Women 1906 to design and implement rules in

Women athletes have been fighting for equal opportunityfor years. Title IX, a 37-word law, paved the way to do just that. The passingof Title IX has helped provide women with more equality than ever before.

Priorto Title IX, there were a scarce number of opportunities for participation thatexisted for women athletes. For example, the only physical activity that girls couldparticipate in for the most part was cheerleading. There was a shortage ofwomen athletes competing in NCAA sports; there were only around 30,000 femaleathletes competing in comparison to the 150,000 male athletes. Only 1 in 27girls played high school sports. The National Collegiate Athletic Association waslargely to blame for this. The National Collegiate Athletic Association, alsoknown as the NCAA, was formed in 1906 to design and implement rules in men’sfootball.

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The NCAA became the elite “ruling body of college athletics and offeredzero athletic scholarships for women and also held no championships for women’steams. Furthermore, facilities, supplies and funding were all lacking for womenathletes. ” (history.

com) Title IX was devised to rectify these imbalances and administerequal rights and quality for women athletes. The road to equality for women in sport has been an extensiveand rough one. The journey for equality began when Richard Nixon enacted TitleIX of the Education Amendments in 1972.

The sponsors of the law were EdithGreen, the House of Representatives, and Birch Bayh, the Senate. This law statedthat, “No person in the United States shall, on the basis of sex, beexcluded from participation in, be denied the benefits of, or be subjected todiscrimination under any education program or activity receiving Federalfinancial assistance.” Essentially, Title IX prohibited sex discriminationin any educational program or activity receiving any type of federal financialaid. Although initially this law was designed to increase federal funding, it nowis more closely associated with gender equality in sports. By gender equalityin sports, Title IX specifies that “colleges anduniversities must provide opportunity for intercollegiate competition as wellas team schedules which equally reflect the competitive abilities of male andfemale athletes.”  The followingfactors are put into consideration when determining whetherequal opportunities in athletics are available:  equipment and supplies, scheduling of gamesand practice time, travel and per diem allowances, opportunity for coaching andacademic tutoring, assignment and compensation of coaches and tutors, lockerrooms and other facilities, medical and training services, housing and diningservices, and publicity.

After the passage of Title IX, Congress “built in asix-year period for secondary and post-secondary schools to achieve compliance.The date for compliance by colleges and universities was 1978”.There were numerous events that took place after thepassing of Title IX that influenced women athletes across the US.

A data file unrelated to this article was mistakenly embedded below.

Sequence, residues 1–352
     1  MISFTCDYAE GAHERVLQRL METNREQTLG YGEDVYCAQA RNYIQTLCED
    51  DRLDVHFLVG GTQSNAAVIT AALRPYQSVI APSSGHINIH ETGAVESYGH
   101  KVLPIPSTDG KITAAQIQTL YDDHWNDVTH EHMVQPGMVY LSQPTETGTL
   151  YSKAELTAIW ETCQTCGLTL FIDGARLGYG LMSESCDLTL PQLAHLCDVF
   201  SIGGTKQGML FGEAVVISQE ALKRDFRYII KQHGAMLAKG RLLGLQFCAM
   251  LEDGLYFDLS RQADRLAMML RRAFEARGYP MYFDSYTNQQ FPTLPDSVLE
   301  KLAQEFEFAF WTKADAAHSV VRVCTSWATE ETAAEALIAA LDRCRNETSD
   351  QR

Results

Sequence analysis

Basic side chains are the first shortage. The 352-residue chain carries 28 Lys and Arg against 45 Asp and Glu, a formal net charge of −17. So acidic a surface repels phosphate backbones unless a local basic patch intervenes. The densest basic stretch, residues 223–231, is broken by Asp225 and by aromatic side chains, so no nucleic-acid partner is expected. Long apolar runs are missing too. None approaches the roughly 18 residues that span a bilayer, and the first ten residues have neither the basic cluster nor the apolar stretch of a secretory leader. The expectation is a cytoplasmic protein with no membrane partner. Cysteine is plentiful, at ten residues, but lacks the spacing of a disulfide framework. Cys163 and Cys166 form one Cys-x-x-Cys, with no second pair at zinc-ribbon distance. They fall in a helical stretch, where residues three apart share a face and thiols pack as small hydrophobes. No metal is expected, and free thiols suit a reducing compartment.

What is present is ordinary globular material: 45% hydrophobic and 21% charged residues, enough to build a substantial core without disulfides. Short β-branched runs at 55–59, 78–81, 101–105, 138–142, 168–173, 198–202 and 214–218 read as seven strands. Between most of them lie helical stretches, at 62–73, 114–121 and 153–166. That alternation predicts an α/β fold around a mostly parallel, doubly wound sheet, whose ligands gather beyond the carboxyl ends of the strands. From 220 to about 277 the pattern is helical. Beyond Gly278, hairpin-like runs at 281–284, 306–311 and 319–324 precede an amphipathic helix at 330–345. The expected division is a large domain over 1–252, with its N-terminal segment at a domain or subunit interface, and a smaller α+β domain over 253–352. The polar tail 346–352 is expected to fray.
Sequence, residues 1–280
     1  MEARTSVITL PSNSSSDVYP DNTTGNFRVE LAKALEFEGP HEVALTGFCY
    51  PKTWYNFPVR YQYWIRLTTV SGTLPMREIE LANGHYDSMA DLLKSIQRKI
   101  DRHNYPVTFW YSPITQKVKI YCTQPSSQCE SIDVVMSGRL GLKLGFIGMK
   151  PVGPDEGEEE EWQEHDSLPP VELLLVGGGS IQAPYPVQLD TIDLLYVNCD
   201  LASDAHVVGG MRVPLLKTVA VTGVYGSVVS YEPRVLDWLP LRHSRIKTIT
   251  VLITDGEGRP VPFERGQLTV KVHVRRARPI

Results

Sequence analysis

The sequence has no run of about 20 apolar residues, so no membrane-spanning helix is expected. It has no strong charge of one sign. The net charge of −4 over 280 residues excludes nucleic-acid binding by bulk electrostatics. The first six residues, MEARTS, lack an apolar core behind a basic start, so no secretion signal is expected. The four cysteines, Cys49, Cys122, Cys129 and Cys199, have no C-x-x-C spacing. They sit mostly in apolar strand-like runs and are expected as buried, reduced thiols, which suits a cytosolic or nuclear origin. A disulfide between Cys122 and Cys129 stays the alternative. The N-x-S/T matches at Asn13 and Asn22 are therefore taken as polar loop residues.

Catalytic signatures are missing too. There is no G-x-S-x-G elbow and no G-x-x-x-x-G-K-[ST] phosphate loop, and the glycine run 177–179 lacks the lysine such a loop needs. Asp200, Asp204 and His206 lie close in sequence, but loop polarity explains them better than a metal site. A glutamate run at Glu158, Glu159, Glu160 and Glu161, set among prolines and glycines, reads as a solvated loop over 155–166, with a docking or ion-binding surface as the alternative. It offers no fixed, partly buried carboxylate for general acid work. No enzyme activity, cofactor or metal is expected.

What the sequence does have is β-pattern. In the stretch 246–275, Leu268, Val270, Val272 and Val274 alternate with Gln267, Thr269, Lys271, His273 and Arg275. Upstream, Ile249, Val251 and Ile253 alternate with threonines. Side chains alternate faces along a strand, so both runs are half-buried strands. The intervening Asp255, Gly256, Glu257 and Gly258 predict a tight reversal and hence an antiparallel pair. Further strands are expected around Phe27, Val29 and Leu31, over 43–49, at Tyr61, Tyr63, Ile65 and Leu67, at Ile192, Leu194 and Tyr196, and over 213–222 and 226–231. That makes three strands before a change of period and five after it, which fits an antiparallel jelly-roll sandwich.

Two majorevents were the Bobbie vs. Bobby tennis match and the lawsuit of Blair vs. Washington. The famous tennismatch of Bobbie vs. Bobby took place about a year after Title IX was enacted. BobbyRiggs, a 55-year-old man thought that he could still beat any woman player.

Riggs felt that “the best way to handle women is to keep them pregnant andbarefoot.” (http://www.history.com/news/billie-jean-king-wins-the-battle-of-the-sexes-40-years-ago)After all of Riggs jabbing, Billie Jean King, a woman, faced Riggs. Not onlydid she face him, but dominated him fair and square in front of 30,000 fans.

This crowd was the largest in history to ever watch a tennis match. This matchis alleged to be what sparked a boom in women’s sport. Another major win for Title IX happened in 1979 when theNorthwest Women’s Law Center won in a lawsuit against Washington StateUniversity. This lawsuit is known as Blair vs. Washington State University.

The winning basically forced the school to comply with Title IX. Women’sathletes during this time were still not being taken seriously. The athleticdirector at the time was having to make 1,200 dollars stretch to cover theexpenses for volleyball, gymnastics, basketball, field hockey, tennis andskiing while the male athletes were being treated to private locker rooms, fullresources of the athletic departments and chartered busses. With thetestimonies and support of other athletes, coaches, and educators and the helpof Sue Durrant, a coach and faculty member represented the coaches andathletes, Karen Blair, the lead plaintiff, was able to win the lawsuit.

(https://magazine.wsu.edu/2009/07/06/history-was-made-the-fight-for-equity-for-womens-athletics-in-washington/)

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